This has been a devastating year for those seeking to stand up for human rights and for those caught up in the suffering of war zones.
Governments pay lip service to the importance of protecting civilians. And yet the world's politicians have miserably failed to protect those in greatest need. Amnesty International believes that this can and must finally change.
International humanitarian law - the law that governs the conduct of armed conflict - could not be clearer. Attacks must never be directed against civilians. The principle of distinguishing between civilians and combatants is a fundamental safeguard for people caught up in the horrors of war.
And yet, time and again, civilians bore the brunt in conflict. In the year marking the 20th anniversary of the Rwandan genocide, politicians repeatedly trampled on the rules protecting civilians - or looked away from the deadly violations of these rules committed by others.
HORRORS OF WAR
In Nigeria, the conflict in the north between government forces and the armed group Boko Haram burst onto the world's front pages with the abduction, by Boko Haram, of 276 schoolgirls in the town of Chibok, one of countless crimes committed by the group. Less noticed were horrific crimes committed by Nigerian security forces and those working with them against people believed to be members or supporters of Boko Haram, some of which were recorded on video, revealed by Amnesty International in August; bodies of the murdered victims were tossed into a mass grave.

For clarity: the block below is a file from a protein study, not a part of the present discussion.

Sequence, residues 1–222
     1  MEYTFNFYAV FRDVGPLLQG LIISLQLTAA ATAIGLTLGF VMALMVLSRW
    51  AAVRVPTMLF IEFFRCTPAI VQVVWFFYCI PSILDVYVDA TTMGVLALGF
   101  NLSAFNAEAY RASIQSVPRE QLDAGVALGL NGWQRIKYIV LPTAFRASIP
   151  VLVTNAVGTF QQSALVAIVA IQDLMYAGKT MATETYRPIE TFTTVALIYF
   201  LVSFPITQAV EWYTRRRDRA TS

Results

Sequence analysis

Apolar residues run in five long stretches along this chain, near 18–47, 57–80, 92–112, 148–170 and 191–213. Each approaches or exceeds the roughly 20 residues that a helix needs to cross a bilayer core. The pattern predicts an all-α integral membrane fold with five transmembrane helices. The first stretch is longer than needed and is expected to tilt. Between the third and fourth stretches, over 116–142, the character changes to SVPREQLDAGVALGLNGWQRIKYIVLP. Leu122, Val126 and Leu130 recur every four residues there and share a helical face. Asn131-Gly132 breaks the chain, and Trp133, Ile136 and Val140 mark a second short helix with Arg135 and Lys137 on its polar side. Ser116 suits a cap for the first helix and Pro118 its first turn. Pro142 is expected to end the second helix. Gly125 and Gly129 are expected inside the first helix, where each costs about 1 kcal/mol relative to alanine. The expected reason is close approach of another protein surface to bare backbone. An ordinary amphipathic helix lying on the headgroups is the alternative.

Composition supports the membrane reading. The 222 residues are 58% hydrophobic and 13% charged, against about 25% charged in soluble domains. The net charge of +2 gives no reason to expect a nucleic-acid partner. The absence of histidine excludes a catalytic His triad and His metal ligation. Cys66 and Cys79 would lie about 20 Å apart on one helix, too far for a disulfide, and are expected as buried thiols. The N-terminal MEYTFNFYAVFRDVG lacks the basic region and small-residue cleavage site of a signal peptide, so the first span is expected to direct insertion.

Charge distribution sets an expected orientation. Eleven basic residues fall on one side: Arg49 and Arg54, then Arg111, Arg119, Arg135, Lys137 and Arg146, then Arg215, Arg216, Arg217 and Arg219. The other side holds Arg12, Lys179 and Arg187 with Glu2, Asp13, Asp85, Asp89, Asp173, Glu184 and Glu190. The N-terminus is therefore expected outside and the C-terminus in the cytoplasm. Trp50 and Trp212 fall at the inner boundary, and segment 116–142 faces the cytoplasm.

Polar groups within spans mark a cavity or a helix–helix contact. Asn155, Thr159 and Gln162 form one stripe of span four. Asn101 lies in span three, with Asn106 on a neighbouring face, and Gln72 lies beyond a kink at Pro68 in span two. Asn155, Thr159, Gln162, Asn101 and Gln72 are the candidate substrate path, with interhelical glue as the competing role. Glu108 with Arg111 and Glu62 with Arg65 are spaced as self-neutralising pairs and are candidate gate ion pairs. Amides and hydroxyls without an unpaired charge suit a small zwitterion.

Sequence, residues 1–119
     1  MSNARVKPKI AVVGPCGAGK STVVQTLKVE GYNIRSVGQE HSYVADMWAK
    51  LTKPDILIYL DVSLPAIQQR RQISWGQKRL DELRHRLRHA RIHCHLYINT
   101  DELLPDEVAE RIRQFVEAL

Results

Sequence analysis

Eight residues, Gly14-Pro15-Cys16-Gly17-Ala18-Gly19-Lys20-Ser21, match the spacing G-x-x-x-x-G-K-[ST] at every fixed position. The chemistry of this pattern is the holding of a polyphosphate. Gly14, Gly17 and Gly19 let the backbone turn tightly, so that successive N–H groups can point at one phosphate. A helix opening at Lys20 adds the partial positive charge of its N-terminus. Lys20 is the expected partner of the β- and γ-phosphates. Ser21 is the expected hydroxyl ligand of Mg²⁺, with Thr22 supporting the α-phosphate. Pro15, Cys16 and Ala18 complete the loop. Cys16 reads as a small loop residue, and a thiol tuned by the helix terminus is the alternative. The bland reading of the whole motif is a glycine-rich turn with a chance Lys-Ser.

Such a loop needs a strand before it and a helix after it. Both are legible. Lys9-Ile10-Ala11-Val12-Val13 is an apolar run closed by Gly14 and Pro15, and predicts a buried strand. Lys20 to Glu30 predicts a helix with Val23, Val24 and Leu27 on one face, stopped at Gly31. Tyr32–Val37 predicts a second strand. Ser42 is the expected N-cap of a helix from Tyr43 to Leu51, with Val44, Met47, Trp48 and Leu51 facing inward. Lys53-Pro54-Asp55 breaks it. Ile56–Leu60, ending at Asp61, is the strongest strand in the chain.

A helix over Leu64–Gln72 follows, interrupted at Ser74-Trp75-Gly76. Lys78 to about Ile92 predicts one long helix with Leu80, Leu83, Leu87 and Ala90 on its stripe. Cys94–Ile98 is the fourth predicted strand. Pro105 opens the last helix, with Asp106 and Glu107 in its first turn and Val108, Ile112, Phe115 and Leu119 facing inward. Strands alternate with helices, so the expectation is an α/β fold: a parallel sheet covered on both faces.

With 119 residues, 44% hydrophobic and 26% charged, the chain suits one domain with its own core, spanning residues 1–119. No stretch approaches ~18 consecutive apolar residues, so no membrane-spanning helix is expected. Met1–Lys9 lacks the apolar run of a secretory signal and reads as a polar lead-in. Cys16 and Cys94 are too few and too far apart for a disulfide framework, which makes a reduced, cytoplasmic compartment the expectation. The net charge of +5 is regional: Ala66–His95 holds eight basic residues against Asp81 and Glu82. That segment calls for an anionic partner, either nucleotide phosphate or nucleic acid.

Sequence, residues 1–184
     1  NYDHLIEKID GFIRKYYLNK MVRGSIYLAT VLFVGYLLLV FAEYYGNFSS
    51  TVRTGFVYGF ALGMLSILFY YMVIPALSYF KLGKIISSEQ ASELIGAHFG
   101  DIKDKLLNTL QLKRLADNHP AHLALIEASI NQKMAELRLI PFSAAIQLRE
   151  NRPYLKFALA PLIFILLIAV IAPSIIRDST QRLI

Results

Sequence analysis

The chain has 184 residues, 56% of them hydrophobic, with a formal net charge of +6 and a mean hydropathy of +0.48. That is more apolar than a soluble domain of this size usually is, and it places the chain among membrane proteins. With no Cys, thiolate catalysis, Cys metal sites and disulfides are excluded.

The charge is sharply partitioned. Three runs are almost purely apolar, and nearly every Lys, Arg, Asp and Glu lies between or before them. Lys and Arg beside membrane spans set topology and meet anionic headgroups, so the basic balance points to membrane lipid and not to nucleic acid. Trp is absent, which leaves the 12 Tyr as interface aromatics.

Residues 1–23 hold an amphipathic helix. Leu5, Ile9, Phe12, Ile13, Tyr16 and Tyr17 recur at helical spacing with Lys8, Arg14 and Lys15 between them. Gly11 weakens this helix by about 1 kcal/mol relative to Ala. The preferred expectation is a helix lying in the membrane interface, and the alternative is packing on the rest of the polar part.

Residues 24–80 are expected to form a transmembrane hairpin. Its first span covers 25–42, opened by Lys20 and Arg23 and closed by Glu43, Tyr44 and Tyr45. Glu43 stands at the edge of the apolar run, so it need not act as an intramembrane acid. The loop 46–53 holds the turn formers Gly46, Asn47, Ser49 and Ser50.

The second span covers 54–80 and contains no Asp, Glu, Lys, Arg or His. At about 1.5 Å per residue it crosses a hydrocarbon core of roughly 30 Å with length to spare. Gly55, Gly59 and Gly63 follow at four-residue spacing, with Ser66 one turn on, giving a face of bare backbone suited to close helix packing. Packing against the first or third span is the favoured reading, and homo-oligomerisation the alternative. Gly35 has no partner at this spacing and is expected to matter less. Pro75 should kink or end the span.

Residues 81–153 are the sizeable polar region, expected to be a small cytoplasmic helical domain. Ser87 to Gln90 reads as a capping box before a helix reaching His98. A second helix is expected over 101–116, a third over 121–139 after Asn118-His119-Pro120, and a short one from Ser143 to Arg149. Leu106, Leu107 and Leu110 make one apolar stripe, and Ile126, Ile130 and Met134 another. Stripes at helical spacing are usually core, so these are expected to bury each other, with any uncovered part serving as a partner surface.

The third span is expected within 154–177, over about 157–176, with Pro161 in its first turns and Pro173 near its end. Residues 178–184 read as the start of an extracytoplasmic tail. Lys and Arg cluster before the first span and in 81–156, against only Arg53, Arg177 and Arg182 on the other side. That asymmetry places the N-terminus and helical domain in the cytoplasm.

In the Central African Republic, more than 5,000 died in sectarian violence despite the presence of international forces. The torture, rape and mass murder barely made a showing on the world's front pages. Yet again, the majority of those who died were civilians.
And in South Sudan - the world's newest state - tens of thousands of civilians were killed and 2 million fled their homes in the armed conflict between government and opposition forces. War crimes and crimes against humanity were committed on both sides.
Some might argue that nothing can be done, that war has always been at the expense of the civilian population, and that nothing can ever change.
This is wrong. It is essential to confront violations against civilians, and to bring to justice those responsible. One obvious and practical step is waiting to be taken: Amnesty International has welcomed the proposal, now backed by around 40 governments, for the UN Security Council to adopt a code of conduct agreeing to voluntarily refrain from using the veto in a way which would block Security Council action in situations of genocide, war crimes and crimes against humanity.
That would be an important first step, and could save many lives.